The objective of this investigation is: (1) establish correlations coefficients and acceptable tolerances for standard manufacturer samples of concrete admixtures, (2) verify the established acceptance criteria by testing job samples, and (3) provide interpretations of IR scans of concrete admixtures including the factors that may influence them. This paper will present the findings from this study, discuss limitations and applications of developed correlation coefficients, and make recommendations for future tests that can be preformed to better understand and identify what causes the nonconformity of the IR Scans for concrete admixtures.

2 Research Significance

Quality control of concrete admixtures is very important and is enforced by State DOT specifications, special provisions, and project specifications. Concrete admixtures need to be tested by creating standard concrete mix designs in which the admixture is added to see if it enhances the desired concrete property and achieved the required specifications. Once the admixtures is qualified and approved, subsequent testing is required to confirm uniformity and equivalency of the product so that it will produce the same effects on concrete as originally approved. ASTM C494/C494M-11 specifies infrared scanning (IR) as one method to test for uniformity and equivalency. Infrared spectroscopy scans require precision and consistency for reliable IR results. Any minor inconsistencies in the testing method or impurities can skew the data and lead to erroneous interpretations. For this reason, there have been some variability and inconsistency in interpreting the IR scans of concrete admixtures which made it difficult to establish acceptability criteria. This study attempts to simplify and accurately interpret IR Scans for the purpose of quality control of concrete admixtures using a quantitative approach using extensive amount of test data.

3 Experimental Work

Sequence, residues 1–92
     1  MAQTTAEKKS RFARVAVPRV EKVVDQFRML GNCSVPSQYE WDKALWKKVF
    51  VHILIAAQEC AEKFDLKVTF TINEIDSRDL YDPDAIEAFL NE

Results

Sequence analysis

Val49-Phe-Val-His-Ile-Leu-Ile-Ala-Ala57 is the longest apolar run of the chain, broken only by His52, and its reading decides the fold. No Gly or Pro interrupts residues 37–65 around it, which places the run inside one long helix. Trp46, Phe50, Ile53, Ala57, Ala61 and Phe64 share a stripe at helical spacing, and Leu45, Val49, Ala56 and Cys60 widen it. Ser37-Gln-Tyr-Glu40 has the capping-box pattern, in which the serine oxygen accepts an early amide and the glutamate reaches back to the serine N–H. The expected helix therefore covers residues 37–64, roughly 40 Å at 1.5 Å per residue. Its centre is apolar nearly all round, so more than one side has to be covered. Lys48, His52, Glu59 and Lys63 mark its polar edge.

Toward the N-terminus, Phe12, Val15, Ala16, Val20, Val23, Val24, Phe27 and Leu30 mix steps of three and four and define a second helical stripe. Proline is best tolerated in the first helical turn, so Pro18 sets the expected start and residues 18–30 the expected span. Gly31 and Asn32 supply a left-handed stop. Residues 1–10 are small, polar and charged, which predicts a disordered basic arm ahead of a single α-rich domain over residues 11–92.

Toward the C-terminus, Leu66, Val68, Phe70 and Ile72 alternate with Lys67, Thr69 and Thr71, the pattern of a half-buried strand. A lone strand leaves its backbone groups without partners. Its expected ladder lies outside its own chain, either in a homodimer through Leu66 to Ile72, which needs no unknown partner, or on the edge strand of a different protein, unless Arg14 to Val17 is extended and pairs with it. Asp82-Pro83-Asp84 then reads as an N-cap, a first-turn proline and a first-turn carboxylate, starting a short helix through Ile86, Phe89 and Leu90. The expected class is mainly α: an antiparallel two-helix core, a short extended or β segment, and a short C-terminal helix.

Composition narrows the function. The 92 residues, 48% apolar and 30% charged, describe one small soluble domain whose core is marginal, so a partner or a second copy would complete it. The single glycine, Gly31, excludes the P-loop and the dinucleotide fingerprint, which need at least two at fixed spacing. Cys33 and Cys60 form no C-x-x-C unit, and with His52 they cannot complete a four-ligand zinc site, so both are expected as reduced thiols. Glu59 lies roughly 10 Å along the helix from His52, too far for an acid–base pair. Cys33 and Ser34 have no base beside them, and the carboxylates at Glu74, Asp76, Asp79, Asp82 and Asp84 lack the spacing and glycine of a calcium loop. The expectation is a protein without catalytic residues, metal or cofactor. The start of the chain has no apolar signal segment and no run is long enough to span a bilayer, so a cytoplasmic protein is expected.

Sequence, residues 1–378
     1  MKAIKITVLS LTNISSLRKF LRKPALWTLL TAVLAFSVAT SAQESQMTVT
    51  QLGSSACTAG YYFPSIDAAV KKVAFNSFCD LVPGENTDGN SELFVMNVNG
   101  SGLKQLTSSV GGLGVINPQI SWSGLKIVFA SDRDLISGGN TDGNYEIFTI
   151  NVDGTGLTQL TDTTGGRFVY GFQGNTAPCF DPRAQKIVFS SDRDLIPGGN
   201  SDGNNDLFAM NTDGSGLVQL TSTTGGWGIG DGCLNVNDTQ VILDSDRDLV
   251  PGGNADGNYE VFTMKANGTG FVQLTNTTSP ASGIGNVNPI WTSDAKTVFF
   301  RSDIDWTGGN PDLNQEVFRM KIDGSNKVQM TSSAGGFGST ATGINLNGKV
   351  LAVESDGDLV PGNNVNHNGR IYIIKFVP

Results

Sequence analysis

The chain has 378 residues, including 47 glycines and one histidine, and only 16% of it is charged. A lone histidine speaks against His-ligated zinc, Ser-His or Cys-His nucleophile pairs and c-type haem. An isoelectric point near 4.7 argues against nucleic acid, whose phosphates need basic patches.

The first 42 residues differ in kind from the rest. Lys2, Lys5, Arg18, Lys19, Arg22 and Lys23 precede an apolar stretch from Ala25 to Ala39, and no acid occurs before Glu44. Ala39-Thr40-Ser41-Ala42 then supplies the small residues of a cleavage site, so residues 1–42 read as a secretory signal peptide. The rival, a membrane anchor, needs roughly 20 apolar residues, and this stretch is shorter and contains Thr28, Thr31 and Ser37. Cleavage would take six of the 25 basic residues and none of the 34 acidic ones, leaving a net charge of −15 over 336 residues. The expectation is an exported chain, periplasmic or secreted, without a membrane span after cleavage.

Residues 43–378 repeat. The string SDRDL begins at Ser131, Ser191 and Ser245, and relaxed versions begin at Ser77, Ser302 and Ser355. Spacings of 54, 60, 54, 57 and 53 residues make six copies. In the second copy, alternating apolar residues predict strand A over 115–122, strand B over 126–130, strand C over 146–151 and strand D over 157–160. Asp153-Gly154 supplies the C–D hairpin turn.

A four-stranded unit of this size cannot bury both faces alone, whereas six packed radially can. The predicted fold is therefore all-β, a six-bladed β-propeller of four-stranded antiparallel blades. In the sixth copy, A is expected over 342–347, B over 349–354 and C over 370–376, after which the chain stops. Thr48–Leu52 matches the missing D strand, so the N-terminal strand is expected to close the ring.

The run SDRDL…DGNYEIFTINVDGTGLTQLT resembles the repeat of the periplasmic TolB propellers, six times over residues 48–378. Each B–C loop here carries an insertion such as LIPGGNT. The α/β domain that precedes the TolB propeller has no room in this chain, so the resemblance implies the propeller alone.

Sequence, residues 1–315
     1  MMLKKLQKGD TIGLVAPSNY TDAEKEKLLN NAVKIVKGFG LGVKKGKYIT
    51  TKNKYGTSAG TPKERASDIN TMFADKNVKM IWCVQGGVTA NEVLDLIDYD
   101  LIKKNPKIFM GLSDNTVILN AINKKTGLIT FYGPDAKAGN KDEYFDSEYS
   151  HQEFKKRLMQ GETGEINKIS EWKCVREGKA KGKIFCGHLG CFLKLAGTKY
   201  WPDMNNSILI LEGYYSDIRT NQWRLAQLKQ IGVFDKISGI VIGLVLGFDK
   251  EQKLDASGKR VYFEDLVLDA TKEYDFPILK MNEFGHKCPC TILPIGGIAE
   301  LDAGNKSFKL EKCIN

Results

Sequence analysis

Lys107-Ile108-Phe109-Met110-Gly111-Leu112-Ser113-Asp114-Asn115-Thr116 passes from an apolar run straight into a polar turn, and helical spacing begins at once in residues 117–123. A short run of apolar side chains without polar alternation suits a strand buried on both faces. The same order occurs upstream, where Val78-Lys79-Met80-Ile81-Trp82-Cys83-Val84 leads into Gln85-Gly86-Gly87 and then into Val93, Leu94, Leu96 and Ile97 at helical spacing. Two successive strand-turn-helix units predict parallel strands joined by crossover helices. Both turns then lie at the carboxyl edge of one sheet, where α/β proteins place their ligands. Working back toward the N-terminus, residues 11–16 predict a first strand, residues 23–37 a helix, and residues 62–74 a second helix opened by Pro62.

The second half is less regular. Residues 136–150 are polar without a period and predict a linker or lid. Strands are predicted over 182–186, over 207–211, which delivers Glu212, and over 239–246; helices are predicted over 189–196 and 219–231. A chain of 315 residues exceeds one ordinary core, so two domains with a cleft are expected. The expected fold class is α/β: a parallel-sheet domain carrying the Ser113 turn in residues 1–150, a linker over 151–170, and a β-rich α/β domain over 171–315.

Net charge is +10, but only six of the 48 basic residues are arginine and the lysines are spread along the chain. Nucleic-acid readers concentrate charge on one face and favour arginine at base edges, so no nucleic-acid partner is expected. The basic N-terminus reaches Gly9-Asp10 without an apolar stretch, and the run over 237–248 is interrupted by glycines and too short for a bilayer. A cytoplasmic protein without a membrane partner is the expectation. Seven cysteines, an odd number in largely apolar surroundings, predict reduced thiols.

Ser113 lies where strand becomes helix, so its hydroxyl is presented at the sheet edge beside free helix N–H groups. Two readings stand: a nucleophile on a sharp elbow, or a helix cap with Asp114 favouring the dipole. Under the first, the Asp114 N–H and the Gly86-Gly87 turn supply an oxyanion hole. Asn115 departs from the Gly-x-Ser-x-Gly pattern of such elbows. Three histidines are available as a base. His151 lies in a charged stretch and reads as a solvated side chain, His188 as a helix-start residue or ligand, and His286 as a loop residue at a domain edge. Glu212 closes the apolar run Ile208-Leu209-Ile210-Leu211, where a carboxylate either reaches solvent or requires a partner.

In order to accomplish the objectives of this study, a number of admixtures were selected for this experimental study. Twenty-three concrete admixtures, most commonly used by contractors on construction projects in New Jersey were selected for this study (NJDOT 2007). The admixtures, their suppliers and their function are shown in Table 1.

Once all of the concrete admixtures have been identified, IR Scans were performed on the manufacturer’s samples to establish baseline data, correlations, and acceptable tolerances. The experimental procedure for the IR scans followed the ASTM C494/C494M-11 specifications which will be discussed later. To create the correlations coefficients for the selected admixtures, it was decided at the onset of the research program that three batches provided by the suppliers at three different dates will be used. For each admixture in each batch, four scans were performed. With these scans, an extensive data library was created and had enough scans to establish acceptable correlation coefficients for all the concrete admixtures. After all of the samples have been scanned and correlation coefficients have been found, job samples were tested to verify the applicability of the tolerances found from the research. Five job samples from the concrete admixtures were selected to be compared to the created correlation library. Three scans from each job sample were prepared.